My thought was that any program, macro, sequence etc could be non G-code, but would be mapped to G-code functions at some point. So a bend program could be a series of angles etc, but when you factor how many variables there could be with back gauge positions, then you may as well use G-code to begin with.

That being the case, there's a beauty of using G-Code (albeit remapped), but, if they're all hard baked into LinuxCNC and would require more work to remap them, then maybe another approach...

J

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17 Jan 2017 17:31 #85966 by andypugh
The bender would use flat files, probably, but I didn't get as far as coding that part :-)

However, if you extract the files and look at bender.py at line 99 the run button causes it to run through the list and sends a G-code subroutine for each line.
If you then look at the bender.ngc file that takes the 3 parameters sent and sequentially sends them as moves to the Z, A and C axes.

It was intended as a simple demonstration and framework. I don't know if the intended user ever tried to use it.

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17 Jan 2017 21:23 #86004 by bymccoy
Okay, I'll have a look at the code...

A backguage is pretty much a gantry, with two independent fingers. The punch and die is the tool spindle, which has tonnage (akin to speed), the speed of stroke (akin to feed) and the stroke depth, which governs the angle, is basically the Z axis/tool depth (but called the Y axis in press brake parlance).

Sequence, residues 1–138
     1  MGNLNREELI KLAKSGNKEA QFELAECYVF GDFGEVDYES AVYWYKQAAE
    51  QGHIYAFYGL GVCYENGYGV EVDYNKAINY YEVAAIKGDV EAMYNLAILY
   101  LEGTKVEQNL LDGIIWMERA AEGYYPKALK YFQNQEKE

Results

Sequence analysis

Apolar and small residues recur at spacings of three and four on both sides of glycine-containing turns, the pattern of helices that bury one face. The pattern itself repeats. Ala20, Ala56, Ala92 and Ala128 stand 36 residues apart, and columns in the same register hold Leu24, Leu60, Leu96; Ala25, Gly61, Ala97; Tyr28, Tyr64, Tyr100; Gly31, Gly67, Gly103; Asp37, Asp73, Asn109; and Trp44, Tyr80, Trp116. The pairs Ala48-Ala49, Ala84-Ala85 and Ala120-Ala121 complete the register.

That being the case, it seems to map well to G-code, there's extra axis to be mapped, such as X (the whole gantry), X1 and X2 (if the two fingers move back and forth independently on the gantry), Z or Z1/Z2 (the two fingers either move together or left/right independently along the gantry) and R (the height of the fingers from the gantry).

Take those with a pinch of salt, gantries work differently across makes, some label axis differently, and some are engineered either as shared (so X1/X2 deviate a small amount independently from X), or that they pivot etc etc. Basically, it's a gantry with smaller moving bits mounted. I'm looking to start with the X and later will replace the manual R and will fit Z1/Z2. These are currently manually adjustable brackets but I can make some small servo/stepper driven fingers.

If I use a modern PLC, what protocols can LinuxCNC communicate to it with? The norm is Modbus or CANBus, but not sure what LinuxCNC can deal with. This would likely be for the interlocks, safety, pressure, stroke etc and X axis gantry (big servo). The other axis I'll use steppers or small servos that could be driven using a MESA card.